“My computer is secure. It’s a Mac.”
It started with an email from I guy I know and have worked with from time to time but never been particularly close to. Let’s call him Bob.
Not visible in the image above – the From line in the message indicated Bob’s email address where the sender’s name usually goes, followed by an email address – <email@example.com>, suggesting this wasn’t really from Bob at all. And it claimed that Bob “would like to add me as a friend”. What sort of friend? It’s not a Facebook message. A “Flipmailer” friend? What’s that?
Hovering my mouse over both the Accept and Decline buttons in the message led to links on flipmailer.com – whatever that was.
So I emailed Bob, forwarding him the message and asking if it was something he’d initiated. His reply: “I can’ t explain… you are the third person to ask me about this. Do you have an explanation for me? Is there some way of stopping something like this?”
So I googled “flipmailer” and saw multiple listings of questions of whether it was malware, how to remove it, and more. Google’s Safebrowsing service claimed that flipmailer.com was “not currently listed as suspicious”, and McAfee SiteAdvisor similarly claimed “This link is safe” – but all those things indicated was that the actual webpage was not directly serving up malware.
Flipmailer.com connected to another “service” – flipora. Their website headlines “Flipora automatically learns what you like and helps you discover content that matches your interests” and includes links to Apple app store and Google Play Store apps along with NY Times, BBC, and other reviews.
The NY Times link pointed to a 2010 business section article reporting that “Infoaxe, a startup that helps users find better search results based on their Web history, just announced that it has raised $3 million in a first round of funding.” – no mention of Flipora, Flipmailer, and no review of the promised service; the CNN link opened a PDF of a 2009 article about Infoaxe, served up by Flipora. A Techcrunch link went to a 2012 story mentioning that Infoaxe had been rebranded as Flipora.
None of these answered why there should be a flood of messages to people who’d been in Bob’s email contact list asking them to “friend Bob” by clicking on a link to Flipmailer.com.
Googling for help on removing Flipora led me to <http://emmanuelcontreras.com/content/how-remove-fliporainfoaxenet-spam-extension>. Potentially useful to me, but a bit overwhelming to Bob – he’s a musician, not a tech guy, he noted, and “I find a lot of ‘advice’ from sites like that expect people to be ‘intuitive’ about this stuff – and I’m not!” And the instructions are designed for Windows users, but Bob’s using a Mac.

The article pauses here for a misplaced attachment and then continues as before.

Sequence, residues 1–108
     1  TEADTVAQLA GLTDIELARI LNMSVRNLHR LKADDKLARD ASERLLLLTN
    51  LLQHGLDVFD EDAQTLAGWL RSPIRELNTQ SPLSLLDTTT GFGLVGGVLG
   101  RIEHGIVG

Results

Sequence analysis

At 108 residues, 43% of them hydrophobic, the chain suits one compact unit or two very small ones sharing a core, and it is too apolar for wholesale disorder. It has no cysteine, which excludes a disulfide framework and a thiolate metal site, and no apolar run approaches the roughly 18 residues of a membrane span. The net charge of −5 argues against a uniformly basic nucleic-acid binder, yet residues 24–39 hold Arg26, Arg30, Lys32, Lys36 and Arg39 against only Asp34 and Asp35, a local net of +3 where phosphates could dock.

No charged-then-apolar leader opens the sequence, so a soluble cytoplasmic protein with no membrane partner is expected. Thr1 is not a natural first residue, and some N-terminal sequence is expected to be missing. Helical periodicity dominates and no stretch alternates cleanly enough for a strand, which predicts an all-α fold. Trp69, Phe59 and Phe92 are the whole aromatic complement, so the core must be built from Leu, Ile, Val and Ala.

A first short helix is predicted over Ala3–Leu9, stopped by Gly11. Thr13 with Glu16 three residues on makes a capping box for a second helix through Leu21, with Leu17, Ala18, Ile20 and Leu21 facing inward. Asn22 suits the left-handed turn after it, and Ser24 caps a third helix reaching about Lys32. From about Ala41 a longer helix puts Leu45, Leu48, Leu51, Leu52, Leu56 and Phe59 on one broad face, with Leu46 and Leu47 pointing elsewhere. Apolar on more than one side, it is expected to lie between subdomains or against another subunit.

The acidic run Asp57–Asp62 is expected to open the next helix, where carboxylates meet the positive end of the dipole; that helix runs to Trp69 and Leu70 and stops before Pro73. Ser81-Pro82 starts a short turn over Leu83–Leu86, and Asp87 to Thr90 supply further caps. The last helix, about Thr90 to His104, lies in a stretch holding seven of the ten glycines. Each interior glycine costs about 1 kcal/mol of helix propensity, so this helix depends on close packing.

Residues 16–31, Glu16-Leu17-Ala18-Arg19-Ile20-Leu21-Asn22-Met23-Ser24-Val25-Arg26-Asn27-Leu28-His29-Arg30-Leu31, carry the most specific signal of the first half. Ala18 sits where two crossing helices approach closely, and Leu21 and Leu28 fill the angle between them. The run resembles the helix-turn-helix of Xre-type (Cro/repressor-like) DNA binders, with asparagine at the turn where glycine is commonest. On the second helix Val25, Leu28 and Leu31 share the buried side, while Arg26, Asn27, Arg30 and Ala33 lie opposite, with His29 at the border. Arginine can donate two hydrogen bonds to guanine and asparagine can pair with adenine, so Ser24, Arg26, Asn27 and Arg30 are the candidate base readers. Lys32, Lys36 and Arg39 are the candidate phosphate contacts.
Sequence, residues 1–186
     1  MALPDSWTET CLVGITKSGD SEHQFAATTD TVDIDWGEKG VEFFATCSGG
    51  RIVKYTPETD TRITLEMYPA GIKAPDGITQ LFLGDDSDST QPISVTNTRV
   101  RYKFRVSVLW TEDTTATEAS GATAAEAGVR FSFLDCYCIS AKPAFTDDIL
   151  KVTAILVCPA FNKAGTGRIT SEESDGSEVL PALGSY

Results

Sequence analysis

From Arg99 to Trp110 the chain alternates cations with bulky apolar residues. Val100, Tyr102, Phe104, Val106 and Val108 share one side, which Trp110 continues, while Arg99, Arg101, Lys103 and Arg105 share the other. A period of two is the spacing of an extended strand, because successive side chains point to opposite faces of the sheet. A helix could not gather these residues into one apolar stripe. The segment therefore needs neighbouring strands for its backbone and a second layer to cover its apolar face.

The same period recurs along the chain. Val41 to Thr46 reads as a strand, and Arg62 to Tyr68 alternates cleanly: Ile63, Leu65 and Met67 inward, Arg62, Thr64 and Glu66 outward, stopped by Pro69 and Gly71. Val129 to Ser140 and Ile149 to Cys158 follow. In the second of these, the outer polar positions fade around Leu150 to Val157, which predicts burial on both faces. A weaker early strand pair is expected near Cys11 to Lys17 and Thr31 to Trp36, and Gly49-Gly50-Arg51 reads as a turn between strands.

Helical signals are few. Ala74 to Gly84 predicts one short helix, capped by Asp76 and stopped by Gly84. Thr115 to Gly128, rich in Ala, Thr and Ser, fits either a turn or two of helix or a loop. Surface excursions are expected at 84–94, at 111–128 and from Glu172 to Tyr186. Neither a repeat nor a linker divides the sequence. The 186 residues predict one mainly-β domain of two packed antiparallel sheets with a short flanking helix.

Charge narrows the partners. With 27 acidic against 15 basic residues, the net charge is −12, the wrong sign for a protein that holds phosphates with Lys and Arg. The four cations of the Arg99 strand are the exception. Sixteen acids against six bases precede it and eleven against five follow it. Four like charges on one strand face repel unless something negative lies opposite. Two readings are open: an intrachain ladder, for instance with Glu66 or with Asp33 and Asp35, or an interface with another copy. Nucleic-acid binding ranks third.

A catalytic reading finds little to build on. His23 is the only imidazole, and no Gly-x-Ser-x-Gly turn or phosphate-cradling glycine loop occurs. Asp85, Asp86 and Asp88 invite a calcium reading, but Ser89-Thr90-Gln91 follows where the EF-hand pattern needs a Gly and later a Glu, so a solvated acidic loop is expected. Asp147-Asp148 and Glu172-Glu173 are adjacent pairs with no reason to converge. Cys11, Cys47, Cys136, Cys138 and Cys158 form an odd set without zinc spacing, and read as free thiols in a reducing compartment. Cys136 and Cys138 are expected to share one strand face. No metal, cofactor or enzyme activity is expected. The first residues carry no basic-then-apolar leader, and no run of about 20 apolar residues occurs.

(But Macs don’t get Windows malware, I hear you thinking.)
Bob dropped off his Mac laptop, after first changing his email password with Telus.net – a large Canadian phone company. He noted that even after changing his password he was still getting emails from folks wondering about the “friend requests”.
Bob had Safari and Firefox web browsers on his Mac. It turned out that the Telus.net emails were auto-forwarded to a Gmail account that he accessed using the Mail application on his Mac.
In the spirit of Emmanuel Contreras’ how-to-remove-flipora article, I checked for extensions and add-ons to Bob’s installations of Safari and Firefox. His Safari installation looked pretty clean. It opened to a Telus.net homepage and had no unusual-seeming extensions.
His Firefox installation, though, had Ask.com as the home page with the Ask Toolbar on display. When I queried him, neither of these were things he’d wanted – so I changed the home page and removed the toolbar. He also had a Firefox plugin, Trovi, also unwanted. A blog posting on removing Trovi from Mac OS X suggested (among other steps) resetting Firefox to its defaults, which I did. I also deleted a Trovi plugin that was sitting in his ~/Library/Internet Plugins folder.
Just to be on the safe side, I deleted all cookies from both Safari and Firefox. A bit of a pain, to be sure, as now Bob will have to re-enter passwords and other information in a host of websites.
One more thing, though: Since Bob was a Gmail user (behind the scenes), I logged on – using his user name and password – to http://google.com/accounts and clicked on the “Connected apps and sites” link in the page’s Sign-in & Security section. There I saw a listing I was unfamiliar with: “Friend Connect”. Apparently a 2008 Google product aiming at competing with Facebook, according to a Wikipedia page, it was essentially “retired” in March 2012.
I don’t know if that had anything to do with the flood of bogus “Friend” emails claiming to be from Bob, but I “revoked its access” to Bob’s account.
Bob’s got his Mac back, and I haven’t heard of any more complaints from his email contacts.
So, can Macs get malware? Bob’s computer had (in common with millions of Windows systems) the generally unwanted Ask.com Toolbar installed in Firefox, probably the result of installing Java or some other application. He had the Trovi adware plugin in his Mac’s Internet Plugins folder. Was Flipmailer/Flipora using a Friend Connect app leaching off Google services to access his Gmail contacts – essentially anyone he’d ever emailed or who had ever emailed him?
I don’t know, but I do know that as Mac owners increasingly make use of platform independent cloud services they are going to be increasingly affected by platform independent malware. Mac users – like Windows users – are going to have to pay attention when installing software and services (like Oracle Java’s bundling the Ask.com toolbar by default) and be wary of clicking to “Accept” random “Friend requests”.
Keywords: #flipmailer #flipora #infoaxe #friendrequests
Short link: http://goo.gl/ZrLGeu